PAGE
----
I posted a thread last week that my T was running good except that it had occasional intermittent and random pops and backfires through the exhaust. I sent my Spark coils to Ron Patterson who tested them and they tested fine.
I respect Ron's advice and he said I have eliminated most trouble spots and recommended that I get a TW Timer, which uses a carbon brush and which, in his opinion, is the best and most trouble free timer to get, so I ordered one and got it today and am installing it, but, before doing so, I wanted to get a few pictures of the inside of the New Day so you all can take a look and see what you think. When I removed it, it gave off a strong electric smell. The brush is worn at an angle to such a degree that only about 3/4 of the brush makes contact with the contacts which appear to be scratched and burned. Judging by the appearance of my New day Timer, do you think it could be the source of the backfires and pops? I'm looking forward to seeing how the TW timer performs. Jim Patrick
Can you post a photo of the front of that timer ? Does it say "PATD" at the top or have an "S" ?
Looking at the inside, I'd have to say yes, it surely could cause misfiring !
Maybe it would benefit from a good sanding and cleaning to smooth the contact surface:
Looks like the problem is uneven contact surfaces. Evenly smooth up the surfaces and you should be OK. Use the method to smooth out the surfaces as shown in Mark's post or something similar.
If the TW performs as well as it does on mine, you'll like it.
Those smudges on the inside of the old timer look suspiciously like carbon tracks. Yes, those will mess up engine timing and create issues like you described. Take it off, clean it up and keep for a spare. You'll like the TW timer. I liked mine so well I bought a second for the engine going in my Tudor when its finished.
I will repeat the question that Steve Tomaso posted. The front of the timer will confirm what I know that I suspect and I think Steve suspects it too. Neither of the timers pictured above are original New Day timers. I suspect they might be the so-called "S" type which have a track record measured in yards rather than miles. Please post a picture of the front side of the 2 timers. I have run original New Day timers in the past with great success but they were NOT made from the soft material like the current Repro NEW DAY timers have been made from. Some of the also have incorrect dimensions with regard to the critical depth from edge to face which must be exactly correct to keep from destroying the timer in very short order.
It's no secret here I've always promoted the TW timer. In fact, I bought one the very day Tony Wiltshire posted on here about "his new timer" and have since equipped all my T's other than the firetruck I now no longer have with one.(Well, other than the '20 that came with the Tru-Fire). They work great, only need cleaned once a year, probably a new brush every 5K miles or so, and I will at least say though, they don't like it if the cam seal leaks oil. Other than that, fantastic.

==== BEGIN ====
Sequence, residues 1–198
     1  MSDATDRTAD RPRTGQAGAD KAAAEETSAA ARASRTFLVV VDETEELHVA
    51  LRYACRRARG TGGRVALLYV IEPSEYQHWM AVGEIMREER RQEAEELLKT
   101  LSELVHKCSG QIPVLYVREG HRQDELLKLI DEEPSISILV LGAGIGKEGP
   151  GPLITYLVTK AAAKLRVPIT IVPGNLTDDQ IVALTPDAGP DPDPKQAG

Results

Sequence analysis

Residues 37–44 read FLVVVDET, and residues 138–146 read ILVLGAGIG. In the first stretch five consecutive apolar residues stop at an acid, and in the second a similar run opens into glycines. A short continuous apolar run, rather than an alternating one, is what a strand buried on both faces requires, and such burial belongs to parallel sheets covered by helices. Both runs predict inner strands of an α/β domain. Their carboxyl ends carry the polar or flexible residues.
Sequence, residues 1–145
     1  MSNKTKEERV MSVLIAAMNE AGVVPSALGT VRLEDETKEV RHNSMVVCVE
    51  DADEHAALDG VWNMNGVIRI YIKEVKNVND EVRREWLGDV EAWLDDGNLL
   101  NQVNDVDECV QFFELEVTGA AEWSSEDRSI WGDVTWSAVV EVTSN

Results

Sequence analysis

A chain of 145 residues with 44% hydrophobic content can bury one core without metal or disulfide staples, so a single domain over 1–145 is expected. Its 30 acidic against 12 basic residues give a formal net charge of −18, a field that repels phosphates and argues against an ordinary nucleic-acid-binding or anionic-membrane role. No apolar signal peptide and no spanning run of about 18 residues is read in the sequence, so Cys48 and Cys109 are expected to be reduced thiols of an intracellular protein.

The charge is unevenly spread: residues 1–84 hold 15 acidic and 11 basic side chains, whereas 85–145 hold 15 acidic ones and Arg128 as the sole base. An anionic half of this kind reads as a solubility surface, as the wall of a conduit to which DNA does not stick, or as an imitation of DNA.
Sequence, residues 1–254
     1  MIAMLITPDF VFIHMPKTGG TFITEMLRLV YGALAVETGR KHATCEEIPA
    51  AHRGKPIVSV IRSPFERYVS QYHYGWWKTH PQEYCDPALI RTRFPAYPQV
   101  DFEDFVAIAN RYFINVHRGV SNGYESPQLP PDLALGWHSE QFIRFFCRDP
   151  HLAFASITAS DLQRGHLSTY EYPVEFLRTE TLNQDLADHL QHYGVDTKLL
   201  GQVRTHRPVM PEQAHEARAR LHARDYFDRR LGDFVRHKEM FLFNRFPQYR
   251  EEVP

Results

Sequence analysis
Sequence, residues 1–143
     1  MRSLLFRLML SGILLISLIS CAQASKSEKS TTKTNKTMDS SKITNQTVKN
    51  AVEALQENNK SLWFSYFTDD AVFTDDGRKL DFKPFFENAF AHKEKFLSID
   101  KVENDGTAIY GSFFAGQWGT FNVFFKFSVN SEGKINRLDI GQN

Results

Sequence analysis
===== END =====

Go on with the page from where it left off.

I use the brush type exclusively on all my T's. I think the benefit of the brush is that it makes a positive contact longer, but only if the brush runs smoothly and not over bumps in the timer. I think in addition to the oil/dirt the timer needs to be smoothed. That would also eliminate the extra wear on the brush you are experiencing. Just my two cents.
Ditto what John Regan said. I am fortunate to have an original New Day in my '15, with an NOS one still in the box just in case. I can't recommend them highly enough... just not the plastic reproduction ones. The TW is essentially the same design as the New Day, but with a radial brush instead of an axial one.
The brush material is as important as the body material, though. I made a graphite brush for my New Day in hopes of making the original body last longer. You can buy electric motor brushes and modify them to fit. The graphite brushes are grey, hard, and shiny. The carbon brushes are black and dull. Use the graphite ones. They don't wear nearly as fast, and they don't produce as much dust, which is a maintenance problem.
It does look like you need a new timer. That cover should be smooth and not black or eroded areas on the insulated surfaces. Are you using magneto or battery? If on battery, there could be arcing when the rotor first makes contact. Not quite as likely on magneto. However with a worn brush,you are not making a good contact and possibly oil is also burning on the surface. Anyway, timers only last for a while and then need replacement. It could be the rough surface which causes the brush to wear unevenly. I had a New Day which the brush wore that way too, I finally replaced it with an Anderson Timer which has worked very well so far. I also hear good reports concerning the TW timer but no personal experience.